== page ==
Clean Power Plan

FACT SHEET: Clean Power Plan - Built on a Solid Legal and Scientific Foundation

On August 3, 2015, President Obama and EPA announced the Clean Power Plan – a historic and important step in reducing carbon pollution from power plants that takes real action on climate change. Shaped by years of unprecedented outreach and public engagement, the final Clean Power Plan is fair, flexible and designed to strengthen the fast-growing trend toward cleaner and lower-polluting American energy. With strong but achievable standards for power plants, and customized goals for states to cut the carbon pollution that is driving climate change, the Clean Power Plan provides national consistency, accountability and a level playing field while reflecting each state’s energy mix. It also shows the world that the United States is committed to leading global efforts to address climate change.

Supported by Science and the Law

  • In 2009, EPA determined – and courts upheld – that greenhouse gas pollution threatens Americans' health and welfare by leading to long-lasting changes in our climate that can have a range of negative effects on human health and the environment.
  • Carbon dioxide (CO2) is the most prevalent greenhouse gas pollutant, accounting for nearly three-quarters of global greenhouse gas emissions and 82 percent of U.S. greenhouse gas emissions.
  • Climate change is one of the greatest environmental challenges we face and affects all Americans’ lives – from stronger storms and longer droughts to increased insurance premiums, food prices, and allergy seasons. 
  • 2014 was the hottest year in recorded history, and already the first half of this year has been hotter than normal. In fact 14 of the 15 warmest years on record have all occurred since 2000. 
  • Overwhelmingly, the best scientists in the world, relying on troves of data and millions of measurements collected over the course of decades on land, in air and water, at sea and from space, are telling us that our activities are causing climate change.
  • Because greenhouse gas pollution threatens public health and welfare, EPA is using the authorities available under the Clean Air Act to regulate sources of these pollutants.
  • The Clean Air Act—under section 111—authorizes EPA to set emission standards for air pollutants emitted by new and existing industrial sources. Section 111d creates a partnership between EPA, states and tribes for regulating existing sources – with EPA setting the standards and states and tribes choosing how they will meet it.
  • EPA provided unprecedented outreach before and after the proposed Plan was issued and has considered the 4.3 million comments it received in response to the proposal. We have used updated information that provides a solid factual record for the final rule.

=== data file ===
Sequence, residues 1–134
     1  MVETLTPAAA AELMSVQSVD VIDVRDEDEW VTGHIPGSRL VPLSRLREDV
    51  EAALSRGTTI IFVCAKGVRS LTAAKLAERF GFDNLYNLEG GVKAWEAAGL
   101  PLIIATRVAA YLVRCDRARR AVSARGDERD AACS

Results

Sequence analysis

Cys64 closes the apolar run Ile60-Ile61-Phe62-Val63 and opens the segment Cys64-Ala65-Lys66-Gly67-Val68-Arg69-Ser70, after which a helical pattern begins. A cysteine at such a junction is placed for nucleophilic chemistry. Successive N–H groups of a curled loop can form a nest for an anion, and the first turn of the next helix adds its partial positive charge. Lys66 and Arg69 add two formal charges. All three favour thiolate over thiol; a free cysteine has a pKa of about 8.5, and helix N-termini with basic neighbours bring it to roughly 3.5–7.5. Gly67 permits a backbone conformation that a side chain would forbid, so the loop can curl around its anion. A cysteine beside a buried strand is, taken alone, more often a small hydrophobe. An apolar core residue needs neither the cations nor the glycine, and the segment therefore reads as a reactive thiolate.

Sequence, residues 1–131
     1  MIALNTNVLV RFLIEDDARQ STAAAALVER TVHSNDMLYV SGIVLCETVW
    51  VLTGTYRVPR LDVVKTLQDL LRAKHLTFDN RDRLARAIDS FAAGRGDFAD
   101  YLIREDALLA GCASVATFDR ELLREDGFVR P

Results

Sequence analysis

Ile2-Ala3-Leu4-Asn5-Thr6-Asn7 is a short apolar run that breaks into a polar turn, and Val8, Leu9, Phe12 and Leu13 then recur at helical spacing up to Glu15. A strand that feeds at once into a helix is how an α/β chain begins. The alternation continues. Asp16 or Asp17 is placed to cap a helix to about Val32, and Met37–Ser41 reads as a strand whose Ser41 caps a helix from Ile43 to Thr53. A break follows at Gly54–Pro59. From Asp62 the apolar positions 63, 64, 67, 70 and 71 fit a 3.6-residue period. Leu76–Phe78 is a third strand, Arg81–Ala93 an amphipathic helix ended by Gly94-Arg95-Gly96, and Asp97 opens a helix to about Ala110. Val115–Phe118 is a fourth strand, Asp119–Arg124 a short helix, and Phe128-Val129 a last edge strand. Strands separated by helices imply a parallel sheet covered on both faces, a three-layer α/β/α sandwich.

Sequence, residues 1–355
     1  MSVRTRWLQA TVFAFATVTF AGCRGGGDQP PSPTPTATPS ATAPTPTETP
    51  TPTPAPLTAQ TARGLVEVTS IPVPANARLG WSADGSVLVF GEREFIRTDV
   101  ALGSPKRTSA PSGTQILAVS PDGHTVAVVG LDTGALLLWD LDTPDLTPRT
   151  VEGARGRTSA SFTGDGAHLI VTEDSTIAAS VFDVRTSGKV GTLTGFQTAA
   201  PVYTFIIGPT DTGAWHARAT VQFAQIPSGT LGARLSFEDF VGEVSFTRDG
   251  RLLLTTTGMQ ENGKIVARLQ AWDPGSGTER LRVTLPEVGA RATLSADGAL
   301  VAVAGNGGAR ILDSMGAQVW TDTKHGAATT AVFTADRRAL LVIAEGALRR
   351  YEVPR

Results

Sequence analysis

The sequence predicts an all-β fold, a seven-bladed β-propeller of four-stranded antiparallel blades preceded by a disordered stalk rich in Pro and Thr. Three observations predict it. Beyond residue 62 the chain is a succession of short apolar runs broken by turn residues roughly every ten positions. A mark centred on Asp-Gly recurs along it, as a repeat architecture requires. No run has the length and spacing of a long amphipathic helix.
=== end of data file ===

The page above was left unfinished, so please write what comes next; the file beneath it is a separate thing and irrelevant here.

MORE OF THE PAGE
• Like dozens of section 111 rules before this one, the Clean Power Plan establishes CO2 emission performance rates—in this case,  for two subcategories of existing fossil fuel-fired electric generating units (EGUs):
    • Fossil fuel-fired electric generating units (generally, coal-fired power plants)
    • Natural gas combined cycle units or Combined cycle units (generally, natural gas plants)
  • To maximize the range of choices available to states in implementing the standards and to utilities in meeting them, EPA is establishing interim and final statewide goals in three forms:
    • A rate-based state goal measured in pounds per megawatt hour (lb/MWh);
    • A mass-based state goal measured in total short tons of CO2;
    • A mass-based state goal with a new source complement measured in total short tons of CO2.
  • States then develop and implement plans that ensure that the power plants in their state - either individually, together or in combination with other measures - achieve the interim CO2 emissions performance rates over the period of 2022 to 2029 and the final CO2 emission performance rates, rate-based goals or mass-based goals in 2030 and thereafter.
  • The final rule incorporates a variety of thoughtful ideas suggested by commenters. A few examples of helpful ideas that have now become part of the Plan include:
    • Allowing states and utilities more time to get started with their responsibilities under the Plan,
    • Adding additional steps to further maintain the reliability of the electrical grid, and
    • Ensuring that energy efficiency efforts are preserved as a major compliance option.
  • These final guidelines are consistent with the law and align with the approach that Congress and EPA have always taken to regulate emissions from this and all other industrial sectors - setting source-level, source-category-wide standards that sources can meet through a variety of technologies and measures.

Printable version of the fact sheet:

You will need Adobe Reader to view some of the files on this page. See EPA’s About PDF page to learn more.